Some Manus Island asylum seekers not coping well | Pacific Beat

Some Manus Island asylum seekers not coping well

Some Manus Island asylum seekers not coping well

Updated 8 January 2013, 11:46 AEDT

Six weeks after the first asylum seekers arrived on the Papua New Guinea's Manus Island, the man charged with looking after the welfare of the detainees, says there are some tensions within the group and some people aren't coping well with the conditions.

Australia's offshore immigration processing centre on Manus Island reopened in November.

Since then there have been reports of hunger strikes by detainees and even a fight on Christmas Eve.

Presenter: Emily Bourke

Speaker: Major Paul Moulds, the director of offshore missions for the Salvation Army


EMILY BOURKE: The Salvation Army's Paul Moulds has been managing the Manus Island immigration detention facility in Papua New Guinea since it reopened at the end of November. (*EDITOR’S NOTE: Paul Moulds is the director of offshore missions for the Salvation Army. This transcript has been amended as the original phrasing implied he was the director of the Immigration Detention Centre itself.)

PAUL MOULDS: The heat and humidity obviously is still very trying and still has a severe effect on many people. I think some of the conditions are far as the access transferees have and asylum seekers have to air conditioned spaces is improving.

There is adequate and plenty of water at the moment.

EMILY BOURKE: What's the main concern of those who are there?

PAUL MOULDS: There are some people who are just so grateful to be in a place where they feel protected, they express their happiness and their thanks to us every day.

There are others who are really struggling with the conditions here, the heat. And I guess there's another group who feel quite unfairly treated. They can't understand why they've been transferred here while some of the people they came on the same boat with are given bridging visas in the Australian community.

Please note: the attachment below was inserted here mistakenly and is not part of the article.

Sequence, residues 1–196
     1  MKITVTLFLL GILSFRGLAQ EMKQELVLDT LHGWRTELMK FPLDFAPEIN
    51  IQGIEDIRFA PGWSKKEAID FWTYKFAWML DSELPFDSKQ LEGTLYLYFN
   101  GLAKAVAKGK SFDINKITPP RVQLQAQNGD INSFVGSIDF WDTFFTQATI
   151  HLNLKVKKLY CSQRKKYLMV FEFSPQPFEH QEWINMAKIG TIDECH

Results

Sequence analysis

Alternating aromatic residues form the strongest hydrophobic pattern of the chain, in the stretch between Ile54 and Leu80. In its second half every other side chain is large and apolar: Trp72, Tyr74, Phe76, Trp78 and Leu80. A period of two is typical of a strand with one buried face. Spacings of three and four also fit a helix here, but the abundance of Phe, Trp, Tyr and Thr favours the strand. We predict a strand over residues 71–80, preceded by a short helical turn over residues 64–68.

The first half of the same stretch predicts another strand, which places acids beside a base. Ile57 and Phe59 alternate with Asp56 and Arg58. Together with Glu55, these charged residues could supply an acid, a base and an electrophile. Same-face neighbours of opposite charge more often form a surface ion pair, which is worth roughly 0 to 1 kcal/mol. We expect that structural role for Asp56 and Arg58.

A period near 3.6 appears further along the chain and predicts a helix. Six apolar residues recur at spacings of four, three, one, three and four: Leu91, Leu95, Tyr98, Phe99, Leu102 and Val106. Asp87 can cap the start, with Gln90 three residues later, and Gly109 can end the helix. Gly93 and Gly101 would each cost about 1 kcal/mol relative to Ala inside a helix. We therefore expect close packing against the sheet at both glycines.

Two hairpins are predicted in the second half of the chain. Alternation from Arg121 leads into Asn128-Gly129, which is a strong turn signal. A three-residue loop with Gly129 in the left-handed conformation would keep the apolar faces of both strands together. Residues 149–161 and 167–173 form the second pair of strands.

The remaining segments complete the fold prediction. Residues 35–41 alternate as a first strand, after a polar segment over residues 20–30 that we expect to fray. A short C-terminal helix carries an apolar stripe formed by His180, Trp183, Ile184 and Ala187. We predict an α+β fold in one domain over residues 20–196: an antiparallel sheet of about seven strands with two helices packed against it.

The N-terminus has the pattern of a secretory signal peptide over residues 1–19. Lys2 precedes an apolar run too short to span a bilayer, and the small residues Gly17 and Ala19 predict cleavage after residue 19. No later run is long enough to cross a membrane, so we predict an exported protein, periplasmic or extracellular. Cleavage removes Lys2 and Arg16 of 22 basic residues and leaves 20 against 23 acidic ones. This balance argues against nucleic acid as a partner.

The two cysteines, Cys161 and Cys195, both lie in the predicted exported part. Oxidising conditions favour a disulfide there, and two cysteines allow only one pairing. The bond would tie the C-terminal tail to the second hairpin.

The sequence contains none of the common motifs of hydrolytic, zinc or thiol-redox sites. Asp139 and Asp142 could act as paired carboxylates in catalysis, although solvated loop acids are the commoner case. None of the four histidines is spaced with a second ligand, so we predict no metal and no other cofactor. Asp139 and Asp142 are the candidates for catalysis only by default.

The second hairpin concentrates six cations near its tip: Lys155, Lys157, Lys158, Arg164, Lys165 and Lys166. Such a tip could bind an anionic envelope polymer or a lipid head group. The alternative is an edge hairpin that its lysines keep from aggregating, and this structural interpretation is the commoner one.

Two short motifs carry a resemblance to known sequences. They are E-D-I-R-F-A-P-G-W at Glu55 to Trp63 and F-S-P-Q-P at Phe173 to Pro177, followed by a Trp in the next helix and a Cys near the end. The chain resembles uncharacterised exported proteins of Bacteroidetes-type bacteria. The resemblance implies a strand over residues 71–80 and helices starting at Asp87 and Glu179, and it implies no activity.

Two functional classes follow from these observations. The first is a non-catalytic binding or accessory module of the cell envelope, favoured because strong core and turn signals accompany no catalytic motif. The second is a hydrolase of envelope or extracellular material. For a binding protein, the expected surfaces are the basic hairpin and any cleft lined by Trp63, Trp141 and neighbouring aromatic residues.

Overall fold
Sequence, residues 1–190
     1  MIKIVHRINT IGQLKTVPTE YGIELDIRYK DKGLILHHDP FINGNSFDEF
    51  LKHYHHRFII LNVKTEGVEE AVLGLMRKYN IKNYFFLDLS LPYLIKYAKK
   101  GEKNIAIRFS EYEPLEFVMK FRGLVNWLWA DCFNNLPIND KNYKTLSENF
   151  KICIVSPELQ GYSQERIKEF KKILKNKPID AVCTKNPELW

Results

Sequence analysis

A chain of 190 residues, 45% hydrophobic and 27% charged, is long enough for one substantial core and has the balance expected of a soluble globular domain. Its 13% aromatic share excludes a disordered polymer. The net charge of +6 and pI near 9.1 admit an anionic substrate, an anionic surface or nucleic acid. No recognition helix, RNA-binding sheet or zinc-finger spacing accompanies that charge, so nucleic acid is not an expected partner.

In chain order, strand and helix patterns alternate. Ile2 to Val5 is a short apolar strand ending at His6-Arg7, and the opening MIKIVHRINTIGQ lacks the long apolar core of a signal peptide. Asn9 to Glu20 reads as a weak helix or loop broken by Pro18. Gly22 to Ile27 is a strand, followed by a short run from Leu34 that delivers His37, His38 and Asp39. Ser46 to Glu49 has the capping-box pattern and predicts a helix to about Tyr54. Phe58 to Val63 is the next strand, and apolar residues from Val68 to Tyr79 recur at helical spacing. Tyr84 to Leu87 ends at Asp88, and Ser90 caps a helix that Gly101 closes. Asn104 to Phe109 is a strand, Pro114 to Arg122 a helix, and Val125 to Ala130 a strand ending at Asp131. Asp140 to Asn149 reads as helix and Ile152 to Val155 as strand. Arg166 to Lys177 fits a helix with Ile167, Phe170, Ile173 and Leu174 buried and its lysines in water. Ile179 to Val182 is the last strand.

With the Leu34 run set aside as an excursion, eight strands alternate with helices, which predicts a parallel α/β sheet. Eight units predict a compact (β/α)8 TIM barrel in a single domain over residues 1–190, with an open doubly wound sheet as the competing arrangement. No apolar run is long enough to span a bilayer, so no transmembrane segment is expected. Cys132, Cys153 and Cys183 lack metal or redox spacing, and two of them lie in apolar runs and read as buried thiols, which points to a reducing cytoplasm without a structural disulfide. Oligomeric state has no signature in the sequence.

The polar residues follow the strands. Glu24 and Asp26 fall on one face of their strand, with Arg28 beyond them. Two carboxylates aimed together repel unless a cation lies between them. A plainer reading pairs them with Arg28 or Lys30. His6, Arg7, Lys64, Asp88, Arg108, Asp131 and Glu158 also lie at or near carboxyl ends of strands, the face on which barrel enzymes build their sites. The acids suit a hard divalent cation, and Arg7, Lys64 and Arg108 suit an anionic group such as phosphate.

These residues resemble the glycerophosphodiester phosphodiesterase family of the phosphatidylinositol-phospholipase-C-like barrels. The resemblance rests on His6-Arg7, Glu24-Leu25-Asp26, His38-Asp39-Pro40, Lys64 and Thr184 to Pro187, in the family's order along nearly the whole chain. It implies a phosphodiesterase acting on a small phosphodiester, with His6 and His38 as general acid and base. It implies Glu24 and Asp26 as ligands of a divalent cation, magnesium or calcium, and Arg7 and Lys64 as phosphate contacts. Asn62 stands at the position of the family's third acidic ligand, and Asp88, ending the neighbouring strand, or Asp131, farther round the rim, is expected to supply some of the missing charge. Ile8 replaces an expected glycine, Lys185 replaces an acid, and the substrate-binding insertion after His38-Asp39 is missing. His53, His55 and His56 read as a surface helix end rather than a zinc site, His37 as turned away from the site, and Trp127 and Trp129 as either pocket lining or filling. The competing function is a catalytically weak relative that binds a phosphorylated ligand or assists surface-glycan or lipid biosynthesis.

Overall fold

EMILY BOURKE: How would you characterise the mood of this group?

PAUL MOULDS: It's variable. I mean, we've had New Year's Eve on Manus Island and it was a wonderful celebration. People I think thought for a moment about all the harshness and their situation and really they celebrated with us.

We had a dance party as if you would have in Australia and we had music, and today may be a different experience as the reality of their situation hits them again.

EMILY BOURKE: Is there tension within the group itself?

PAUL MOULDS: There are tensions that emerge when people live together in a confined space, absolutely, and again we're working on those in a positive way all the time.

And was there tension at the New Year's Eve night - and I can tell you that every group danced together and celebrated together and today there's a great mood.

What it will be tomorrow or next week? We have to be here and be prepared for that.

EMILY BOURKE: But he says the immigration process itself is causing constant anxiety and frustration.

PAUL MOULDS: The Papuan New Guinean government obviously is responsible for that and they've met with the asylum seekers and they've spoken to them, and they've been able to give them some information and some hopes that that will commence early in 2013.

So I think that's helped them to at least understand that that process will begin. What happens following the process I guess is still a bit uncertain and we're hoping that those things too, there will be more clarity on in the days ahead.

EMILY BOURKE: Refugee advocates who've slammed the revived offshore immigration processing policy have also rounded on the Salvation Army for being involved in the management of the detention facilities.

But Paul Moulds denies the Salvation Army's work amount to support for government policy.

PAUL MOULDS: We were on the front line during World War One, World War Two and the other wars. It doesn't mean that we in any see violence or war as a way of resolving conflict, but where there is suffering, someone needs to be.

And the other question I'd say is, if not us, who? Who would deliver these services? A security firm, a facilities management company?

What we need is an organisation who is able to deal with the human condition, who can sit with people through the pain that they feel, through the angst they feel, who can encourage them not to self harm but to express themselves in other ways.

We don't support the policy of offshore processing but we know that these people need someone in this centre to stand by them and that's our role.

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